Director Bryan Singer has been formally accused of raping a 17-year-old boy in 2003, according to a lawsuit filed Thursday. The act allegedly happened aboard a yacht in Seattle, which was owned by Lester Waters, a tech investor “who frequently hosted parties for young gay males in the Seattle area,” according to the suit.
The alleged victim is named Cesar Sanchez-Guzman, and he has accused Singer of both forcing him to perform oral sex and have oral sex performed on him, before receiving anal penetration. The suit then alleges that Singer implied he could help Sanchez-Guzman become an actor if he didn’t report the incident. To quote the lawsuit, “he then told Cesar that no one would believe him if he ever reported the incident, and that he could hire people who are capable of ruining someone’s reputation.”
Singer’s representatives immediately denied the allegations, saying the director “categorically denies these allegations and will vehemently defend this lawsuit to the very end.”
Singer has of course been known throughout his career as the director of big budget superhero movies, beginning with the first and second live-action X-Men films and continuing on with more recent entries such as X-Men: Days of Future Past and X-Men: Apocalypse. Just days ago he was in the news after being fired from Freddie Mercury biopic Bohemian Rhapsody for repeatedly not showing up on set, claiming that the studio refused to give him time off to care for an ailing family member. On Wednesday, the studio named Dexter Fletcher as Singer’s replacement.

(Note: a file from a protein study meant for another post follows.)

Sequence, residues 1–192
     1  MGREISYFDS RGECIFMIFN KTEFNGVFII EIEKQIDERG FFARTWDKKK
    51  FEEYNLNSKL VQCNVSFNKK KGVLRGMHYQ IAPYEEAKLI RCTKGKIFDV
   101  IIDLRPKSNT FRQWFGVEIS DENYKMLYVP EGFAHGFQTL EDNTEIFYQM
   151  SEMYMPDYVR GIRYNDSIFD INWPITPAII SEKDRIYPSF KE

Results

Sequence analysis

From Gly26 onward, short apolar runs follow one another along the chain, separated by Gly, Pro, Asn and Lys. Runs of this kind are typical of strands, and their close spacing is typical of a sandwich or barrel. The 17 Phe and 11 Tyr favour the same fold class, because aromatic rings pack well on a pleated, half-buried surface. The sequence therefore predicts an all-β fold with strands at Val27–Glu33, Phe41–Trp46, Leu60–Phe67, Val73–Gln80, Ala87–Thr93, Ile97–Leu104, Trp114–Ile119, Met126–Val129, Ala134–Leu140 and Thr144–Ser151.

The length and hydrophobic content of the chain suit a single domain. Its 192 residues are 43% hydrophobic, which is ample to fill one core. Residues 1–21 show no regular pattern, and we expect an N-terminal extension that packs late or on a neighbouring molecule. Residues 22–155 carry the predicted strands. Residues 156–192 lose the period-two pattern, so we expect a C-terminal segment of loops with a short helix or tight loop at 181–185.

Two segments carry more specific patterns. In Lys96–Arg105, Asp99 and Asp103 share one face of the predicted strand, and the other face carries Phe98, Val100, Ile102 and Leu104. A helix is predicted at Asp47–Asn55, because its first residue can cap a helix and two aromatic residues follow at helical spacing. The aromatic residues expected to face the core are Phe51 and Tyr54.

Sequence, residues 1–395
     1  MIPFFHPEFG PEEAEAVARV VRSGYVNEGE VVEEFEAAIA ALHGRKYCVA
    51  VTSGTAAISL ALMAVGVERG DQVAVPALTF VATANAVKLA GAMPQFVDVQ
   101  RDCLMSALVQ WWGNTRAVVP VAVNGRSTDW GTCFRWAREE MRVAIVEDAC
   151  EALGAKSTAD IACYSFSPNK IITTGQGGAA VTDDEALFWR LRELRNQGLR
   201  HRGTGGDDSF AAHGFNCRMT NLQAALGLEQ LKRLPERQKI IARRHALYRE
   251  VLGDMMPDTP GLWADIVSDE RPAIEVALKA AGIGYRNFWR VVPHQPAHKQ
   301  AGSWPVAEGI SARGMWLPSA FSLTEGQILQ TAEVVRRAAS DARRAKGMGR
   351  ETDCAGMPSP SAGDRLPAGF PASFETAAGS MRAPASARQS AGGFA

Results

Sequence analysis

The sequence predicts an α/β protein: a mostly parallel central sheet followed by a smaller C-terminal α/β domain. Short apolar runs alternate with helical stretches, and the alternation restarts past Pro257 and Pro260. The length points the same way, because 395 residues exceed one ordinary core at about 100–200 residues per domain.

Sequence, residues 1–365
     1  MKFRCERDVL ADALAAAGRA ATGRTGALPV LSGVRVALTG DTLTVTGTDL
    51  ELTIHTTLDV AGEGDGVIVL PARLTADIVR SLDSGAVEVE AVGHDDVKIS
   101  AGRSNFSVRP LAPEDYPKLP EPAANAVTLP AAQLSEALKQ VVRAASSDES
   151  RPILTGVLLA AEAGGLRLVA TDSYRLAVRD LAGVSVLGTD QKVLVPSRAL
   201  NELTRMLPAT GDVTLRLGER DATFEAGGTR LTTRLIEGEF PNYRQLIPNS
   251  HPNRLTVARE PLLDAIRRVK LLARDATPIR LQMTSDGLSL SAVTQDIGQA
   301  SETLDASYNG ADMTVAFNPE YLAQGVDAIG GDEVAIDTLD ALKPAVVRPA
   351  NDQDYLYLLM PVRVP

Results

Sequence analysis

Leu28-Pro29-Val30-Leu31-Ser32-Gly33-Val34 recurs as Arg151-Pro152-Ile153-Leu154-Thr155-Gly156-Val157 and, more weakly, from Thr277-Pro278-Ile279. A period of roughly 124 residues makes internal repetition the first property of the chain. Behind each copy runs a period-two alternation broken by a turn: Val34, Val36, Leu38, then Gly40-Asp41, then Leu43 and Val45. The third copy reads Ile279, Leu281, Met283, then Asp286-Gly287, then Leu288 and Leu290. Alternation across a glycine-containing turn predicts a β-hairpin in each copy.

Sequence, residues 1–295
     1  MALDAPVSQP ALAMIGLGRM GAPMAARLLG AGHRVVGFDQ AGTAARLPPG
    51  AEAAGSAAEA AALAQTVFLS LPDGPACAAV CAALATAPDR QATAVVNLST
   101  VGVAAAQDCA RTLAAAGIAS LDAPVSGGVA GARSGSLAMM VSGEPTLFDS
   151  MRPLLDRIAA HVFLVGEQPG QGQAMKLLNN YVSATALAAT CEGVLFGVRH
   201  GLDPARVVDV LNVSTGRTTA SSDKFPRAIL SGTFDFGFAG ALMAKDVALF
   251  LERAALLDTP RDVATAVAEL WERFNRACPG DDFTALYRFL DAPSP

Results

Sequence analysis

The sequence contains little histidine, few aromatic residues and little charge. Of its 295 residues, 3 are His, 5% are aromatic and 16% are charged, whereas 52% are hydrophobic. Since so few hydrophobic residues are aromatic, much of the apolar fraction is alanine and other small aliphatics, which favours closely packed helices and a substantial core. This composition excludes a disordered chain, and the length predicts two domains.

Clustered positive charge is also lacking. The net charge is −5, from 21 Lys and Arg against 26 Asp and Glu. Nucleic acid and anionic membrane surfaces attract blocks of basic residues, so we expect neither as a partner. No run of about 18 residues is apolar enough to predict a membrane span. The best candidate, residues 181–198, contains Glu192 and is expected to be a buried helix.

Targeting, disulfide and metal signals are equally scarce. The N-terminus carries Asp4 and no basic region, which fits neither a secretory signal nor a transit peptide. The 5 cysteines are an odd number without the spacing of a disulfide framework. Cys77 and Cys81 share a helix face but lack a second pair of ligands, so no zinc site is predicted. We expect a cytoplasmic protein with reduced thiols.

Oddly, Sanchez-Guzman is represented by the same Miami attorney, Jeffrey Herman, who represented actor Michael Egan in his own 2014 sexual harassment lawsuit against Singer, which was eventually dropped at Egan’s request. Herman was even made to apologize after a counter-suit for malicious prosecution, saying that Egan’s allegations were “untrue and provably false.” Now he’s representing another client against Singer who is making similar claims—one wonders why Sanchez-Guzman wouldn’t have chosen an attorney without such a muddled history with Singer. Note: Another lawsuit for sexual assault was also filed against Singer in 2014 by an anonymous British man, who claimed that the director had abused him in 2006, but that accusation was also dismissed at the accuser’s request.
Elsewhere, a petition has even been started to remove Singer’s name from the USC School of Cinematic Arts.
Singer’s (fairly harsh) full statement can be read below:
“Bryan categorically denies these allegations and will vehemently defend this lawsuit to the very end. Cesar Sanchez-Guzman apparently claims that he did not remember this alleged incident from 2003 until now. Significantly, when Sanchez-Guzman filed for bankruptcy only a few years ago, he failed to disclose this alleged claim when he was supposed to identify all of his assets, but conveniently, now that the bankruptcy court discharged all of his debts, he is able to recall the alleged events. The attorney behind this lawsuit is the same lawyer who represented Michael Egan, the convicted felon who sued Bryan Singer in 2014. In the end, Egan was forced to dismiss that case once the facts came out and his story completely fell apart. Egan and his attorneys then found themselves as defendants in a malicious prosecution action brought by some of the individuals who Egan previously sued. In an apology to those individuals, Egan’s attorney acknowledged the claims that had been filed were ‘untrue and provably false.’ Notwithstanding his track record, this same lawyer is coming after Bryan again. We are confident that this case will turn out the same way the Egan case did. And once Bryan prevails, he will pursue his own claims for malicious prosecution.”